AUTHOR SPOTLIGHT: SARAH M. ANDERSON
Debut author Sarah M. Anderson has joined the Joyfully Reviewed bunnies for a quick interview.
So Sarah tell us about your debut novel, and what inspired you to write it.
My debut novel, A Man of His Word, is a December Harlequin Desire.
Dan Armstrong can’t tell if the figure in the trees is a ghost, an Indian princess, or a hallucination—until she takes a shot at him and disappears without a trace. With only the bullet hole in his hat as proof, he starts looking around for a beautiful woman with a grudge. Rosebud Donnelly fits the bill. She’s beautiful, she’s an Indian, and she’s the tribal lawyer suing his family over water rights. But does she really want him dead? There’s only one way to find out. As he gets closer to Rosebud, Dan can’t tell which is in more danger—his head or his heart.
I was raking leaves several falls ago and had the image of the American Indian woman riding down out of the trees and then taking a shot at the cowboy. It took me another year or so to figure out who these people were and, more importantly, how they could ever live happily ever after, after she puts a hole in his hat!
When you start writing, do you already have the story plotted out or do you let the characters dictate what will happen?
I think of myself as a mister—I have a general idea of where I am going and who I’m writing about, but I usually go through three drafts of the opening chapter as I figure out more about the characters and what drives them. I usually do my plotting as I fall asleep at night and by the time I wake up, the kinks of the next scene have worked themselves out. Usually.
What inspired you to write in your genre? Is this the genre you started writing in or have you morphed to this one?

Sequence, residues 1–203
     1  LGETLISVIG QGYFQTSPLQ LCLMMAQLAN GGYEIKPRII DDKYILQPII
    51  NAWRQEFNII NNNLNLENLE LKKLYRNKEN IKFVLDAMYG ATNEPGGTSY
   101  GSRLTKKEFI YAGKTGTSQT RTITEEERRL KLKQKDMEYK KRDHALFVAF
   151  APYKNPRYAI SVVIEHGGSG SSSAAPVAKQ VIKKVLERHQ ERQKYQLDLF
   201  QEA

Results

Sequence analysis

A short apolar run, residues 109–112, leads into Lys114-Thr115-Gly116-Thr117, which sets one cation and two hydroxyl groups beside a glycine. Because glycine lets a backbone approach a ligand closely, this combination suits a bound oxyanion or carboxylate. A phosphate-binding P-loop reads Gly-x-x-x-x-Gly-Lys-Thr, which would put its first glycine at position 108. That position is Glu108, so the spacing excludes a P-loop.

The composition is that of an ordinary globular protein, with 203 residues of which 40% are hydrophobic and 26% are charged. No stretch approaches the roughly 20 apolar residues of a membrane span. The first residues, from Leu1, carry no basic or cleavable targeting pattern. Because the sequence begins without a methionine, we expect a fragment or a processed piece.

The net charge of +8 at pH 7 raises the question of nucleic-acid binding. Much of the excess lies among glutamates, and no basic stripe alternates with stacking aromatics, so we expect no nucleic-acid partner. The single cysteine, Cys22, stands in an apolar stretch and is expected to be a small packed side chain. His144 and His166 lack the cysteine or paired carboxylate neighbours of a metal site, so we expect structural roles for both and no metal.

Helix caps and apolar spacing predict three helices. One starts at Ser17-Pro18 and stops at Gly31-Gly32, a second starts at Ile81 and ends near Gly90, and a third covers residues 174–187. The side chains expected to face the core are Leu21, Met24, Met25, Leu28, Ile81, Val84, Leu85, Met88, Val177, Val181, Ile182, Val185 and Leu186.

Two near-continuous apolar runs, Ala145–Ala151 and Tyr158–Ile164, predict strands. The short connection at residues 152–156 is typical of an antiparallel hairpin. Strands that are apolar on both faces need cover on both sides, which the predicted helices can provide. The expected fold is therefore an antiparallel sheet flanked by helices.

I originally wrote complicated family sagas. I liked them, but honestly, they sucked. The granddaughter of the family didn’t want to stay on the family farm. She demanded to go out west, where she met a cowboy who was also an Indian. I had such fun writing that book—it was sassy and sexy and everything that the previous three books hadn’t been. That book landed an agent, and I realized that was where my strengths were. So I stayed out west!
Do you have a favorite character you have written?
It’s true, I like some of my people more than others. I think my all-around favorite hero is Rebel Runs Fast, a medicine man in a book called Mystic Cowboy. He was the total package—hunky, good with his hands, a sense of humor, and fond of skinny-dipping.
Who was the toughest character for you to “get right” that you have written so far?
The follow-up to A Man of His Word, featuring a character named James Carlson as the hero, was extremely difficult for me. Poor James went through countless complete rewrites before I finally figured out what made him tick. Luckily for me, he was a patient fellow!
Do you draw inspiration for your characters from real life? Any fun stories you could share?
That first book with the cowboy who was the Indian? That character came from real life. The character’s name was Jacob, and he had lost an eye and a nose in a fight. He wore a custom-made leather mask that covered half his face—a real Phantom of the High Plains! We first meet him when he rides shirtless down the middle of the street, leading a second horse. That scene actually happened. I was in Red Lodge, Montana on vacation with my mom and grandma when a shirtless cowboy rode down the middle of the street, leading another horse. If I hadn’t been there with my family, I would have gotten on that horse and ridden off into the sunset with him! He had a mask, too. The only difference between the real-life cowboy and my character was that the real cowboy was white, and my character was Lakota Indian.
What do you find the hardest part of writing?
That depends on the day of the week. Some days, the words do not come, and I’ve learned now that nothing good comes from trying to force it. Other days, rewrites are the hardest. The book with James Carlson was one of those.
Name one thing that your readers would be surprised to know about you.
I don’t like ‘live’ Christmas trees. They’re actually dead, but still pretty. If you’re going to have a ‘live’ Christmas tree, you should be able to take it out back and plant it. Needless to say, my favorite villain in the Batman world is Poison Ivy!
Do you have a guilty pleasure?
Dumb action flicks. I would much rather watch Bruce or Sylvester or—especially!—Jason chew their way through a scene than watch anything that gets near the label ‘chick flick.’
What do you need before you start writing? Anything that is just a must have or the creative juice don’t flow?
I have an office, so I do my best work with some music going, a mug of hot tea, a candle burning, and small dogs sleeping on my feet. Unless it’s 97 degrees outside. Then just the music.
Does music influence your writing? If so, do any of your stories have a theme song?